For example, gurobi_params = {'NodeLimit': 25} limits the number of nodes visited by the MIP optimizer to 25.

  • Specific options available for MOSEK:

  • Specific options available for SCIP:

    • scip_params = {} – A dictionary of SCIP parameters to be set before the SCIP optimizer is called.

      For example, scip_params = {'lp/threads': 4} sets the number of threads to solve LPs with to 4.

Note

Options can also be passed as a parameter sequence of the form key = value when the Problem is created or later to the function solve.

set_var_value(name, value, optimalvar=False)

Sets the value of the given variable.

Parameters:
  • or tuple name (str) – Name of the variable.
  • value (Anything recognized by retrieve_matrix) – The value to be set.
Example:
>>> prob=picos.Problem()
>>> x=prob.add_variable('x', 2)
>>> prob.set_var_value('x', [3,4]) # equivalent to x.value = [3,4]
>>> abs(x)**2
<Quadratic Expression: ‖x‖²>
>>> print(abs(x)**2)
25.0

Note

The hotstart option allows certain solvers to leverage variables that were valued manually or by a preceding solution search.

solve(**options)

Hands the problem to a solver.

You can select the solver manually with the solver option. Otherwise a suitable solver will be selected among those that are available on the platform.

Once the problem has been solved, the optimal solution can be obtained by querying the value property of the variables and the optimal dual values can be accessed via the dual property of the constraints.

Parameters:options – A sequence of optional solver options. In particular, you can use this to select a solver via the solver option.
Returns:A dictionary that contains the following common entries, and potentially further solver-specific or option-specific fields:
  • 'status' – The solution status as a human readable string, such as 'optimal' or 'infeasible'. The exact wording and available phrases depend on the solver being used.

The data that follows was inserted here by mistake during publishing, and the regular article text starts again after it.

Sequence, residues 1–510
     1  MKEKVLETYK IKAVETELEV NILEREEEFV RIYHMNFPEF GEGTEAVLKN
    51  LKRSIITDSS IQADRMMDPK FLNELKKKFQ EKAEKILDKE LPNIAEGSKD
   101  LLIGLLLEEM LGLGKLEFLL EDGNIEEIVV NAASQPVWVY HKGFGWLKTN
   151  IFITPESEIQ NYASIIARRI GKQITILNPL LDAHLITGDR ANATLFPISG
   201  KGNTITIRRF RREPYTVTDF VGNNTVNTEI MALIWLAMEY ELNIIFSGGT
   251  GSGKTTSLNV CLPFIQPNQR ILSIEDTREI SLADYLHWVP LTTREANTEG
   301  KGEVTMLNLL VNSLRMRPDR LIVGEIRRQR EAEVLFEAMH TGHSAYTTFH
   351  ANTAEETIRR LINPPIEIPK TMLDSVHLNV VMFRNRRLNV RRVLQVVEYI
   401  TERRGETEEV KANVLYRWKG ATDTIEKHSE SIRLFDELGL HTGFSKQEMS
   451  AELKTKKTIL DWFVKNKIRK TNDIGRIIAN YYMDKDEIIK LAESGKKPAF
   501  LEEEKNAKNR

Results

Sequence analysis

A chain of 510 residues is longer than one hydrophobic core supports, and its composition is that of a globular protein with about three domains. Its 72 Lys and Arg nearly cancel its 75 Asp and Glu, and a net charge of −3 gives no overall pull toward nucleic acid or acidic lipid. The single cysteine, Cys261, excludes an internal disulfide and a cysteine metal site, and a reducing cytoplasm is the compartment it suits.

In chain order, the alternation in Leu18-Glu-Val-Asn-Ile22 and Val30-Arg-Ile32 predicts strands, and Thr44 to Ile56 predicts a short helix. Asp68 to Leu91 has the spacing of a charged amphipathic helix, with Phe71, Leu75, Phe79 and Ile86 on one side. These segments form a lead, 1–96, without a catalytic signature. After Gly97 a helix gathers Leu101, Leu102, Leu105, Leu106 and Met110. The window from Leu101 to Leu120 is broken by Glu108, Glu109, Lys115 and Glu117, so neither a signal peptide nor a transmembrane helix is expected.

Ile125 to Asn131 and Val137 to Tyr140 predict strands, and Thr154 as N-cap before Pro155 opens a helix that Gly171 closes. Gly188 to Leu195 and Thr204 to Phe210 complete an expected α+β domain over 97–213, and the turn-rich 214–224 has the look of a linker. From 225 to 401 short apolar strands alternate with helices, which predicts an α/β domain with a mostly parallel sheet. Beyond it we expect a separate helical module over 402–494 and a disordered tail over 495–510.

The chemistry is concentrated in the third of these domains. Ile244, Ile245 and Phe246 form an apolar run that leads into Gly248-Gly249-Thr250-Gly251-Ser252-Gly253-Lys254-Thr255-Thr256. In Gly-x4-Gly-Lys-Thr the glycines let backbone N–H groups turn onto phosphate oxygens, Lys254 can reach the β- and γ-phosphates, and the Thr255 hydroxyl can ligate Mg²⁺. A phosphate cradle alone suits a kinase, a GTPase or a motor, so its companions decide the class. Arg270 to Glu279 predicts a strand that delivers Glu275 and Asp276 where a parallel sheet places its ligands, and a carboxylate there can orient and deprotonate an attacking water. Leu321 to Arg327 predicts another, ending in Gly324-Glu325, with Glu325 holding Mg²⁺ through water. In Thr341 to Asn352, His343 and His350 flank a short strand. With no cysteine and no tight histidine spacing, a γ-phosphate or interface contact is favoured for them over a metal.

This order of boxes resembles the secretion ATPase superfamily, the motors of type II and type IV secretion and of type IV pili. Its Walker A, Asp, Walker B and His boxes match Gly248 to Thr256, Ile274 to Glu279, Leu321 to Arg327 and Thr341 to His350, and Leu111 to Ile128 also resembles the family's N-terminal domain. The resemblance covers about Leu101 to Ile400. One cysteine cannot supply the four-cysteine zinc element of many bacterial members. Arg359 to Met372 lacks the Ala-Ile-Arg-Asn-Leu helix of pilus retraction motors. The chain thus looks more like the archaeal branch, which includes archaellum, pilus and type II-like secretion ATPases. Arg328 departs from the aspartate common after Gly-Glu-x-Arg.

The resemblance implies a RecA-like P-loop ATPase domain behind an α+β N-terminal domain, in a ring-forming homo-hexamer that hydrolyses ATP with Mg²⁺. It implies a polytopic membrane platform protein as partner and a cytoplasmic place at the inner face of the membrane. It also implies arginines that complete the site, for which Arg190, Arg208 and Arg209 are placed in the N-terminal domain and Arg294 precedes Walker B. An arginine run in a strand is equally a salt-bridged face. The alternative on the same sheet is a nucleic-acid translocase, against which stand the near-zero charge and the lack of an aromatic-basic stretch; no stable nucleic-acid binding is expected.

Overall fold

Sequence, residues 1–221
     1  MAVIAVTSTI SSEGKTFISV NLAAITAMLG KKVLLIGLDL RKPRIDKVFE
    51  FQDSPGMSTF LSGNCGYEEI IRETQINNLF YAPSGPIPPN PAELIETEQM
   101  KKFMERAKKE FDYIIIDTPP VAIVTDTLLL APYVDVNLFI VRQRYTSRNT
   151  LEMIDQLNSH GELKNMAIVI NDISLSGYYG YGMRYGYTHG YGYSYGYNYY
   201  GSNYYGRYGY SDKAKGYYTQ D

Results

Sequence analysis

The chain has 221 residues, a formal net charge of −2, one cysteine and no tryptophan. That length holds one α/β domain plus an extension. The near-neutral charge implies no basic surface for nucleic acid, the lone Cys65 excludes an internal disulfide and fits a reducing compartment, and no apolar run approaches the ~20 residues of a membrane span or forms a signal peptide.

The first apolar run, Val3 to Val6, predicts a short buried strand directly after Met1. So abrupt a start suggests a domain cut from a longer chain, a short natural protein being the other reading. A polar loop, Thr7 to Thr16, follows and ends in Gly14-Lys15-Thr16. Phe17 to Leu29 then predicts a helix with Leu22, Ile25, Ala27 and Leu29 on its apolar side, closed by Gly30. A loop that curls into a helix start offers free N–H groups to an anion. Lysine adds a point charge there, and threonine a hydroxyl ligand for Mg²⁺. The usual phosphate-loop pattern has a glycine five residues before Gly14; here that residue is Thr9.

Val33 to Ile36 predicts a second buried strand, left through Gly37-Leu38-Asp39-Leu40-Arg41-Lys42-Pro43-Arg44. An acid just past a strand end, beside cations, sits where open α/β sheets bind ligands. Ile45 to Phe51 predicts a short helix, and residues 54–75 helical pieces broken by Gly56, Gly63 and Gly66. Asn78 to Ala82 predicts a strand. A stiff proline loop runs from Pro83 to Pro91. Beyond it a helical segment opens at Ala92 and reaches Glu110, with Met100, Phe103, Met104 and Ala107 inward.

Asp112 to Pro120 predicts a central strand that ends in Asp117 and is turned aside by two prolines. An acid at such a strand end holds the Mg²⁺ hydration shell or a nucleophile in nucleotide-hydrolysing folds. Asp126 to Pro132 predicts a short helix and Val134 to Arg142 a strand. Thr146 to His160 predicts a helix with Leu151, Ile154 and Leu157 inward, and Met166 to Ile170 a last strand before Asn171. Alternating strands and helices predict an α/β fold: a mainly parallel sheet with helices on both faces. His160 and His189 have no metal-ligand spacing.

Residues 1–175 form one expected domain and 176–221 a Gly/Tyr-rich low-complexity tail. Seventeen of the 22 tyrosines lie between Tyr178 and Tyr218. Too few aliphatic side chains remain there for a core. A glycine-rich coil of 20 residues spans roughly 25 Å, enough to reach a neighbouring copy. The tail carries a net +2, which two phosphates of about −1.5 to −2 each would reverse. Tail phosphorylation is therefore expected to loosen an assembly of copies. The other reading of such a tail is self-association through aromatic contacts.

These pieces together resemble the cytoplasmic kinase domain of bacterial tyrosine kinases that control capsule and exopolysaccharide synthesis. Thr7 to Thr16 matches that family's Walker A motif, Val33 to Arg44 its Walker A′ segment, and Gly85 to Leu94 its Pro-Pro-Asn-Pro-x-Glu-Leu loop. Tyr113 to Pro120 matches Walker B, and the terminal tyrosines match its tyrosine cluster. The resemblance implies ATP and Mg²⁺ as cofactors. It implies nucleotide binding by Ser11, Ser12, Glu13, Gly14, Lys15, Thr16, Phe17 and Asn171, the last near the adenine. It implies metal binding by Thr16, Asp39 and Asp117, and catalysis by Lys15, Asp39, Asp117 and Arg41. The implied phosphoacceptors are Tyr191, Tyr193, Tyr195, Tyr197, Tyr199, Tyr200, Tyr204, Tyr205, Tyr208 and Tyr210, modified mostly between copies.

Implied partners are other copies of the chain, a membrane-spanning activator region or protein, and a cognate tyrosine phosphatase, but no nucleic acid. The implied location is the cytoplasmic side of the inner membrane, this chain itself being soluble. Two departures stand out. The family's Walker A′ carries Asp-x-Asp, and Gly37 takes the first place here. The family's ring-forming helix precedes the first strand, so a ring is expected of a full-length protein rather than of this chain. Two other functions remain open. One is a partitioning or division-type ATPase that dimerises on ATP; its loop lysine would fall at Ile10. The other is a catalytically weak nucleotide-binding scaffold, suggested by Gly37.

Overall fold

• 'time' – The time spent searching for a solution in seconds, excluding any overhead produced by PICOS when exporting the problem or configuring the solver.
  • 'primals' – A dictionary mapping PICOS variables to their value in the solution produced by the solver.
  • 'duals' – A list of dual values produced by the solver, in the order in which the constraints were added.

Warning

Any supplied options will be stored in the problem as if they were set via set_option.

Note

If the problem is dualized or cast as a SOCP during solution search, then it will be solved from scratch upon subsequent searches, even if the solver supports problem updates efficiently.

update_options(**options)

Sets multiple solver options at once.

Parameters:options – A parameter sequence of the form key = value.

For a list of available options and their default values, see the documentation of set_option.

verbosity()
Returns:The problem’s current verbosity level.
write_to_file(filename, writer='picos')

Writes the problem to a file.

Parameters:
  • filename (str) –

    Path and name of the output file. The export format is inferred from the file extension. Supported extensions and their associated format are:

    • '.cbf' – Conic Benchmark Format.

      This format is suitable for optimization problems involving second order and/or semidefinite cone constraints. This is a standard choice for conic optimization problems. Visit the website of The Conic Benchmark Library or read A benchmark library for conic mixed-integer and continuous optimization by Henrik A. Friberg for more information.

    • '.lp'LP format.

      This format handles only linear constraints, unless the writer 'cplex' is used. In the latter case the extended CPLEX LP format is used instead.

    • '.mps'MPS format.

      As the writer, you need to choose one of 'cplex', 'gurobi' or 'mosek'.

    • '.opf'OPF format.

      As the writer, you need to choose 'mosek'.

    • '.dat-s'Sparse SDPA format.

      This format is suitable for semidefinite programs. Second order cone constraints are stored as semidefinite constraints on an arrow shaped matrix.

  • writer (str) – The default 'picos' denotes PICOS’ internal writer, which can export to LP, CBF, and Sparse SDPA formats. If CPLEX, Gurobi or MOSEK is installed, you can choose 'cplex', 'gurobi', or 'mosek', respectively, to make use of that solver’s export function and get access to more formats.

Warning

For problems involving a symmetric matrix variable X (typically, semidefinite programs), the expressions involving X are stored in PICOS as a function of svec(X), the symmetric vectorized form of X (see Dattorro, ch.2.2.2.1), and are also exported in that form. As a result, using an external solver on a problem description file exported by PICOS will also yield a solution in this symmetric vectorized form.

The CBF writer tries to write symmetric variables X in the section PSDVAR of the .cbf file. However, this is possible only if the constraint X \succeq 0 appears in the problem, and no other LMI involves X. If these two conditions are not satisfied, then the symmetric vectorization of X is used as a (free) variable of the section VAR in the .cbf file, as explained in the previous paragraph.

options
status

The solution status of the problem.

type

The problem type as a string, such as ‘LP’, ‘MILP’ or ‘SOCP’.